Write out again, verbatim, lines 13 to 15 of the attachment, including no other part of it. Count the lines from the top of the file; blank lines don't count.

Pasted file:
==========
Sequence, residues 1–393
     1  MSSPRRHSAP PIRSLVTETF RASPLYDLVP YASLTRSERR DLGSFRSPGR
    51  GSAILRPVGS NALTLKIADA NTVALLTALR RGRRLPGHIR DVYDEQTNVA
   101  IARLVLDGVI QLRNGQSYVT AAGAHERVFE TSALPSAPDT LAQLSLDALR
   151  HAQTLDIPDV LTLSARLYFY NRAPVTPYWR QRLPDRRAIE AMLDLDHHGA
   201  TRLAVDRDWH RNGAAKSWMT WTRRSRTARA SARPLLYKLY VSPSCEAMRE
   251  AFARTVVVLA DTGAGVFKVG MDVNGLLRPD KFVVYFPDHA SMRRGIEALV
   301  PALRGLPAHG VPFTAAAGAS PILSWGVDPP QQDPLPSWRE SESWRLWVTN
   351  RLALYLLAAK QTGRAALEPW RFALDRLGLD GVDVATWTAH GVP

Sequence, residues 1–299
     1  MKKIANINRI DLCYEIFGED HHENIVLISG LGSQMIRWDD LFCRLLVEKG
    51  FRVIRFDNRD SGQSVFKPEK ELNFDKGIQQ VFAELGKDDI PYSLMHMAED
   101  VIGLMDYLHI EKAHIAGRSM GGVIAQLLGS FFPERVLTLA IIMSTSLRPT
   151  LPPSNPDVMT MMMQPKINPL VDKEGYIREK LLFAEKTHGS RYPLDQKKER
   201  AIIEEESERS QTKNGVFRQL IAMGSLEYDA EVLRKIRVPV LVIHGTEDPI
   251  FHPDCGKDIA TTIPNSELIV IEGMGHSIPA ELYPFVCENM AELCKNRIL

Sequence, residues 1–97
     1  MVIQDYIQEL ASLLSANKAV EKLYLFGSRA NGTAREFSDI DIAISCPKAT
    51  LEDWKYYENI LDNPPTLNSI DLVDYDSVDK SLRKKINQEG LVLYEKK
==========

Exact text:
   101  VIGLMDYLHI EKAHIAGRSM GGVIAQLLGS FFPERVLTLA IIMSTSLRPT
   151  LPPSNPDVMT MMMQPKINPL VDKEGYIREK LLFAEKTHGS RYPLDQKKER
   201  AIIEEESERS QTKNGVFRQL IAMGSLEYDA EVLRKIRVPV LVIHGTEDPI